Washington | Reuters –– In an expected move, the U.S. Department of Agriculture on Friday announced new measures to combat the spread of diseases such as porcine epidemic diarrhea (PED) in the U.S. pig population.
While PED is not considered a reportable disease according to international standards, USDA will now require reporting of the PED virus (PEDv) and swine delta coronavirus (SDCV).
Farms with PEDv-positive cases would be required to identify themselves and provide location information, and labs receiving diagnostic samples will also be required to report positive tests and location information to USDA.
USDA will also require tracking movements of pigs, vehicles, other equipment leaving affected premises. Movements of pigs will still be allowed.
“USDA has been working closely with the pork industry and our state and federal partners to solve this problem. Together, we have established testing protocols, sequenced the virus and are investigating how the virus is transmitted,” Agriculture Secretary Tom Vilsack said in a statement.
“Today’s actions will help identify gaps in biosecurity and help us as we work together to stop the spread of these diseases and the damage caused to producers, industry and ultimately consumers.”
PEDv has killed more than four million young pigs since first being identified in the U.S. a year ago. The virus has so far been detected in hogs on farms in 30 states; as of April 12, it had been confirmed on 5,790 farms across the country.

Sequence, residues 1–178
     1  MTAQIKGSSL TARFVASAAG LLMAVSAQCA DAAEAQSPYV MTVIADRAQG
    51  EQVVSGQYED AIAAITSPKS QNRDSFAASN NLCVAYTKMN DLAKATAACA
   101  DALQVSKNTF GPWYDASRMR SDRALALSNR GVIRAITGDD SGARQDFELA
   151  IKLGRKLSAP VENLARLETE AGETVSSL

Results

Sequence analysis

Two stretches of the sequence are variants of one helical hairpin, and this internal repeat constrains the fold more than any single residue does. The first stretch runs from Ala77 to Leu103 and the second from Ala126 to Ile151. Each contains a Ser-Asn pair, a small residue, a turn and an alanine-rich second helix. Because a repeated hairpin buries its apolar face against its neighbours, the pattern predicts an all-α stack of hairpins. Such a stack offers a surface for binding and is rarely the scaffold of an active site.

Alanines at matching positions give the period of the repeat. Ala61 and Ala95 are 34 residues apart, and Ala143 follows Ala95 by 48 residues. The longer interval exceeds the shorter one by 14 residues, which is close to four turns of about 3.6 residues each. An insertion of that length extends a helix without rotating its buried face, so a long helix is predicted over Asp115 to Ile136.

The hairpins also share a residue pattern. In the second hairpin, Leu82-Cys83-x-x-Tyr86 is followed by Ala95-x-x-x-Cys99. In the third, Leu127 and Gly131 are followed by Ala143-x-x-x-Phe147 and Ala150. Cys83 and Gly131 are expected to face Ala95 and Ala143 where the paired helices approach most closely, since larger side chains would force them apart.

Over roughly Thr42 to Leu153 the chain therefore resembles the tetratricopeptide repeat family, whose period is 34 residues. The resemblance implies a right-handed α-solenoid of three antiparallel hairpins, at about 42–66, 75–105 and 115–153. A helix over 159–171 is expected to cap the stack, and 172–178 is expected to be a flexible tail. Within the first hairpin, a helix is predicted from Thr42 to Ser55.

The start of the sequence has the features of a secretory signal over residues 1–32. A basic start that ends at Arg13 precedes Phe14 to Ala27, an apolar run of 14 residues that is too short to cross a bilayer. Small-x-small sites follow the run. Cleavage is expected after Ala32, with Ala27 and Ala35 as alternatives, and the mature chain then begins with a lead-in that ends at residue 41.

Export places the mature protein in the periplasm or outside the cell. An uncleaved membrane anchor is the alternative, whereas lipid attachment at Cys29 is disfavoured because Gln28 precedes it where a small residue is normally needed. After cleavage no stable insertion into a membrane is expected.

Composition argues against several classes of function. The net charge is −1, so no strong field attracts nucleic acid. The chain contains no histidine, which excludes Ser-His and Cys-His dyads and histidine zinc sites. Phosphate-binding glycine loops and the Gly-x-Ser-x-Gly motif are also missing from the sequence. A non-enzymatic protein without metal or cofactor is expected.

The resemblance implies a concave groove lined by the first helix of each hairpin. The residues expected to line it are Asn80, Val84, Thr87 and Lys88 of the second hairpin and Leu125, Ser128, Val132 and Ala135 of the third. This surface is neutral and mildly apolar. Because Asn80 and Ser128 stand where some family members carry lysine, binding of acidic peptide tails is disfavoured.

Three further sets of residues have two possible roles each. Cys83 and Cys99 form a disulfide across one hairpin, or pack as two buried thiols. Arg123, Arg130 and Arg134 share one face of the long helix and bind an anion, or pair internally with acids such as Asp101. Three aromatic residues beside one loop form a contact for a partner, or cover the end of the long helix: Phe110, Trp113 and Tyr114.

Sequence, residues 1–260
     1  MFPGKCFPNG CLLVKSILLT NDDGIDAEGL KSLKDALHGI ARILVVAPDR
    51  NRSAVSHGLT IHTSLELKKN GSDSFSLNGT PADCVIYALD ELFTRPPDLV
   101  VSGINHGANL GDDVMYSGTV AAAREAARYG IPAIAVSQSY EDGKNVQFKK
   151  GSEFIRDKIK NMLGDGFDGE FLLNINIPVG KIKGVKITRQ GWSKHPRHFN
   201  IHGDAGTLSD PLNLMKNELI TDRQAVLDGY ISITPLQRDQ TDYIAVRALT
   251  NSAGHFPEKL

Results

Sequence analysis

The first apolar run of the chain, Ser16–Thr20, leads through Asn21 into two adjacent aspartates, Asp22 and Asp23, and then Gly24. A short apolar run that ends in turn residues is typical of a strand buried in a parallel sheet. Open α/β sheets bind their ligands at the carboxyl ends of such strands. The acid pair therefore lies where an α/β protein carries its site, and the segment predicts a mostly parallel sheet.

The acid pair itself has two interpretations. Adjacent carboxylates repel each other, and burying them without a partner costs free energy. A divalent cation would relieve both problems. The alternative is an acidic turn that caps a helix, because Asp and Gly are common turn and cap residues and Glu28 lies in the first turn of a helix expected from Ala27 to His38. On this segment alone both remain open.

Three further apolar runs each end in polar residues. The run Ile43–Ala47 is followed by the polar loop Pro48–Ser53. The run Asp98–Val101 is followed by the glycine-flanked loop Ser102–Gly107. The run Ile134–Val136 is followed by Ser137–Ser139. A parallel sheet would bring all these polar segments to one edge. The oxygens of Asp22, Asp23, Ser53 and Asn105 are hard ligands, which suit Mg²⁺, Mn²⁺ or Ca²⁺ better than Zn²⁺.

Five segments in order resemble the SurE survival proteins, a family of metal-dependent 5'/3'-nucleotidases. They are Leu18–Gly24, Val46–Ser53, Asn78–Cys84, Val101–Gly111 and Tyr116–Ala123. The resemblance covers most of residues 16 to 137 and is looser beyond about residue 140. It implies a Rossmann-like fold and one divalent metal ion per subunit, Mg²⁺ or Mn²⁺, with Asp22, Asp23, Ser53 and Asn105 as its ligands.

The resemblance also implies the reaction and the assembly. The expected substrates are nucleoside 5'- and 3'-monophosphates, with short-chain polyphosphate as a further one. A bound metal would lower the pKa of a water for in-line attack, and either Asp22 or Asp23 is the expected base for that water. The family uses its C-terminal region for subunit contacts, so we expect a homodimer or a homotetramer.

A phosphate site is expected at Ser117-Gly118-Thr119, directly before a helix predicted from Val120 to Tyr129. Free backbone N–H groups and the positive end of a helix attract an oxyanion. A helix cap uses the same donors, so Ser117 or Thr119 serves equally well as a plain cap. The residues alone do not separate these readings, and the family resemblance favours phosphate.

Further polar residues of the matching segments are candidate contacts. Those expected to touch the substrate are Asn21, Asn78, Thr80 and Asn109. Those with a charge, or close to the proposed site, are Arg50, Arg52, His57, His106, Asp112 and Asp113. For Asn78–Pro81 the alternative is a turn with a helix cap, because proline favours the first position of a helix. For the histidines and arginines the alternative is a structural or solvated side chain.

In Canada, where the virus first appeared in January, PEDv has been confirmed in hogs on 52 farms in Ontario and one each in Quebec, Manitoba and Prince Edward Island, and in hogs off-farm at an unnamed “high-traffic site” in western Manitoba.
The virus causes diarrhea, vomiting and severe dehydration, and is transmitted orally and through pig feces. While older pigs have a chance of survival, the virus kills 80 to 100 per cent of piglets that contract it.
Major meat producer Tyson Foods has said the epidemic could lower U.S. pork production by two to four per cent.
Last month Smithfield Foods, the world’s largest pork processor, suspended one day’s kill at a North Carolina slaughterhouse because of a tight supply of hogs attributed to the spread of PEDv.
USDA says it continues to work with the pork industry and with state and federal partners to develop responses to PEDv and SDCV. SDCV was also confirmed last month in Ontario.
Neither PEDv nor SDCV is considered a risk to human health or to food safety.
— Ros Krasny is a commodities correspondent for Reuters in Washington, D.C. Includes files from AGCanada.com Network staff.